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  Fish That Saved Pittsburgh, The Hoop Dreams, Seventies Style
Year: 1979
Director: Gilbert Moses
Stars: Julius Erving, Jonathan Winters, Meadowlark Lemon, Jack Kehoe, Kareem Abdul-Jabbar, Margaret Avery, James Bond III, Michael V. Gazzo, Peter Isacksen, Nicholas Pryor, M. Emmet Walsh, Stockard Channing, Flip Wilson, Marv Albert, Debbie Allen, Harry Shearer
Genre: Comedy, Action, MusicBuy from Amazon
Rating:  6 (from 1 vote)
Review: The Pittsburgh basketball team, known as the Pythons, are on a terrible losing streak, they have not won a game in ages and the audience attendance has dwindled with only the diehard fans showing up to watch them fail again and again. As grumblings about wishing to be transferred erupt, the sole excellent player they have, Moses Guthrie (Julius Erving), questions his life choices, but what if there was a ray of hope on the horizon? The towel boy, Tyrone (James Bond III), has a great idea about harnessing the power of astrology for the sport, and though his sister Toby (Margaret Avery) is sceptical, he goes ahead and tracks down an astrologer, Mona Mondieu (Stockard Channing), who is prepared to help out. First? They need a new team...

Well, almost, as Moses sticks around since he was played by basketball legend Erving, and the main impetus for getting punters in to watch this movie, the novelty of seeing sports celebrities trying to act always holding a curious fascination. Needless to say, as a player he was a star, and as an actor he was a dud, but as most of this took the form of a series of basketball games it didn't matter until he was put into the position of trying to emote, whereupon you were thankful this was a comedy. Really it was the nineteen-seventies equivalent of a feelgood film, where nothing absolutely terrible was going to happen and we were asked to appreciate what amounted to almost an hour and three quarters of the triumph of the underdog: dramatic it assuredly was not.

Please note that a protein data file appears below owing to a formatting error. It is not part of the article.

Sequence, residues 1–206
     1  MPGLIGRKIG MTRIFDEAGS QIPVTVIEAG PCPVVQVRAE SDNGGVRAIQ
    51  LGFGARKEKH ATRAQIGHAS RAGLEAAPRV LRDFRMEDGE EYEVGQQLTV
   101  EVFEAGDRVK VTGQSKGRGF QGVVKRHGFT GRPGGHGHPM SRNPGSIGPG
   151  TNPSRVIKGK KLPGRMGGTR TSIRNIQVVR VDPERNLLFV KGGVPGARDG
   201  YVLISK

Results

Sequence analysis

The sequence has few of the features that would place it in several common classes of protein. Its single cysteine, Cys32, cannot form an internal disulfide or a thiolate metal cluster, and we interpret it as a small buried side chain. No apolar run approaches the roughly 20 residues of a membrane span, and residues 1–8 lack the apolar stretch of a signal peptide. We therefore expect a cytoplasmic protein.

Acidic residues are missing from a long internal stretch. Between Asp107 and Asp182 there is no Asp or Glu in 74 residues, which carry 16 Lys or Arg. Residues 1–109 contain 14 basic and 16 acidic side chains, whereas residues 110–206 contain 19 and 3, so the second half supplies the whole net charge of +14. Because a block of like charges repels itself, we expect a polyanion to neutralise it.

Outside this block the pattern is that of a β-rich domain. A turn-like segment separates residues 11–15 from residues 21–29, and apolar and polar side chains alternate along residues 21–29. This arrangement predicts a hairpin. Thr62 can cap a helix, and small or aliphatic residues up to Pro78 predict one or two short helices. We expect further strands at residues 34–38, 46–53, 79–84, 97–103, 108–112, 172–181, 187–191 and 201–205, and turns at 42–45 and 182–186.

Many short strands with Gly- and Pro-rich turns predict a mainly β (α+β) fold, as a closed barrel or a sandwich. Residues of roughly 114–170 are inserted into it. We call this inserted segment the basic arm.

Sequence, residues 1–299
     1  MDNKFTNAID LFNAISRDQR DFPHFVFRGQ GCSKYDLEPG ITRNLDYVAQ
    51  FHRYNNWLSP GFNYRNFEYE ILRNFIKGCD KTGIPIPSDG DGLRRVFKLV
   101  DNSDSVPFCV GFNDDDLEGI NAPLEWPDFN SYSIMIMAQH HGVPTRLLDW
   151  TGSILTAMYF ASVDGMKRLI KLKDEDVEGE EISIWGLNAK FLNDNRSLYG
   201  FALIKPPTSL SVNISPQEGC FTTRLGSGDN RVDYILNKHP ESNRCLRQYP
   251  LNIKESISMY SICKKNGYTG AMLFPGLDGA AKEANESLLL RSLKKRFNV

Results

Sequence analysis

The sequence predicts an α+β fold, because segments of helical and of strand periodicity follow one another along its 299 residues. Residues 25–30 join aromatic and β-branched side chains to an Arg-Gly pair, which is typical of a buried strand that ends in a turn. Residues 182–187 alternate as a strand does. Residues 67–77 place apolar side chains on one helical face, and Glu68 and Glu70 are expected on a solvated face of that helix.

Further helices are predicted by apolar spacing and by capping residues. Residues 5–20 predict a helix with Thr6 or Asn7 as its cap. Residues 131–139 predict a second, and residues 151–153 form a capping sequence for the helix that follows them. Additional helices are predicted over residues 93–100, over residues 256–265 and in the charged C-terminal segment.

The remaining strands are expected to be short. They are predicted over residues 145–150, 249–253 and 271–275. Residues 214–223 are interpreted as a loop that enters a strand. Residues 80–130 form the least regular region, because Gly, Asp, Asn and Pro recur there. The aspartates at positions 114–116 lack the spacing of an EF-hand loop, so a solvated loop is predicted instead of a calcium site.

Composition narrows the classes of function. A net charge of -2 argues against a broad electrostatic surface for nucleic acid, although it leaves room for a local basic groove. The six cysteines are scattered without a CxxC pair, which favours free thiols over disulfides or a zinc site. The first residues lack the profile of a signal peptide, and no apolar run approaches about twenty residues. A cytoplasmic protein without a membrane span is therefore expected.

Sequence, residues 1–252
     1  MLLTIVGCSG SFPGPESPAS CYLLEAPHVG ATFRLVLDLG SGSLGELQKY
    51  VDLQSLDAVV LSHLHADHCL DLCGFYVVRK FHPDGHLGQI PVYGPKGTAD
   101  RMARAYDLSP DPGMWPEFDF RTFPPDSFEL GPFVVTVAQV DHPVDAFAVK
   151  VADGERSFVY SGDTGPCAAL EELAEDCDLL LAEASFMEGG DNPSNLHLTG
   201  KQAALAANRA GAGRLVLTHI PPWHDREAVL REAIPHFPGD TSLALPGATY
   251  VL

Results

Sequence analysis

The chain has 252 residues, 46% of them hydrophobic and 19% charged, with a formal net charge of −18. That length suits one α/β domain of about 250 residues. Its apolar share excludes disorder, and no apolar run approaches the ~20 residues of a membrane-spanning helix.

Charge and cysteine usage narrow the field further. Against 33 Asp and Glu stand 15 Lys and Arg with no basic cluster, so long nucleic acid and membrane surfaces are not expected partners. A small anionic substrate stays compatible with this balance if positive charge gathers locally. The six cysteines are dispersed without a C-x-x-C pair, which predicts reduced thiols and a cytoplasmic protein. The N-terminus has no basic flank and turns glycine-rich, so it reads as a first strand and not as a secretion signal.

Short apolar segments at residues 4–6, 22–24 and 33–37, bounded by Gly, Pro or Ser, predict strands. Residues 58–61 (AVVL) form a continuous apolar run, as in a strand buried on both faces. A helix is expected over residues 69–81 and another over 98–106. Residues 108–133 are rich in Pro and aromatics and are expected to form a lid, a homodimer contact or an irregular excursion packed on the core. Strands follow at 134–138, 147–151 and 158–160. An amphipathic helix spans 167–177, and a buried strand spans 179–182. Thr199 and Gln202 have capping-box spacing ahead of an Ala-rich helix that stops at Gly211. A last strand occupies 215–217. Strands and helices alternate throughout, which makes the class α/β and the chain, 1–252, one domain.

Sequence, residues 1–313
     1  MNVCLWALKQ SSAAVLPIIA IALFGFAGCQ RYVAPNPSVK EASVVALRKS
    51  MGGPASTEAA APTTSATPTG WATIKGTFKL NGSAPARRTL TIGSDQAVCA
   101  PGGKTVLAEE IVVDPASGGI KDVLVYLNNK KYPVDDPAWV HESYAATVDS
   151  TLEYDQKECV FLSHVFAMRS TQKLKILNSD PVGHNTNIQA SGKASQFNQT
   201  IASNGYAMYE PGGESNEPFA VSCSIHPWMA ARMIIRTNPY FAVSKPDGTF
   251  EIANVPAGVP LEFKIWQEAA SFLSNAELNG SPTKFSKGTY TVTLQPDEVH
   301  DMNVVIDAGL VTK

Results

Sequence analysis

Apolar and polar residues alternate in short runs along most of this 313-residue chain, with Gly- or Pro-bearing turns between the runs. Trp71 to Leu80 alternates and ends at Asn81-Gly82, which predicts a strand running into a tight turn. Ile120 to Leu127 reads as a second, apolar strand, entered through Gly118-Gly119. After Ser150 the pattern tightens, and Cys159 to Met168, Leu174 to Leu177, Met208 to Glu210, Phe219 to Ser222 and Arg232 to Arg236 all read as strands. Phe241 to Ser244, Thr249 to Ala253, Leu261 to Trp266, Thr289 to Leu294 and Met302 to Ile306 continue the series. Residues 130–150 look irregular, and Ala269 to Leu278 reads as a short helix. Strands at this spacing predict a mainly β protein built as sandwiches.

This brought up a problem: what do you do with your sports movie when the main team essentially win every game? Because not to let them win would put a dent in the feelgood factor, of course. That team was recruited from a selection of misfits who show up for an audition purely because they have the star sign Pisces, which Mona has informed those in charge is the best method of putting together a band of winners. As one character mentions, "It's like The Gong Show" with all these eccentrics desperate to shoot hoops for their hometown crowd, and depth of personality was not much of a priority when they were all caricatures - the black militant, the Reverend (played by Harlem Globetrotter Meadowlark Lemon), the Native American, the twins who play as one person, the short guy (Jack Kehoe) who is great at free throws, and so forth.

The tone was relentlessly goodnatured throughout, with only the occasional moment of reflection, but what did you expect when the cast included the likes of Jonathan Winters (as more twins, the owners of two rival teams), Flip Wilson (as the coach) and Harry Shearer (as a newsreader)? All very silly, but the smooth disco soul of Thom Bell made it go with a swing, peppering the soundtrack with what came across suspiciously like an attempt to make the tie-in album a hit, as you were nobody in Hollywood in the seventies without one of those. The Detroit Spinners even popped up as the half-time show in the big final. Also, if you were curious as to what Stockard Channing's driving face would look like, you had ample opportunity to find out as Mona escapes her kidnappers in the last act and the action keeps cutting away to a closeup of her careering along the roads like a woman possessed. Utterly disposable, about as seventies as a pet rock, but oddly endearing and able to lift the spirits with its dedication to sheer daftness.
Reviewer: Graeme Clark

 

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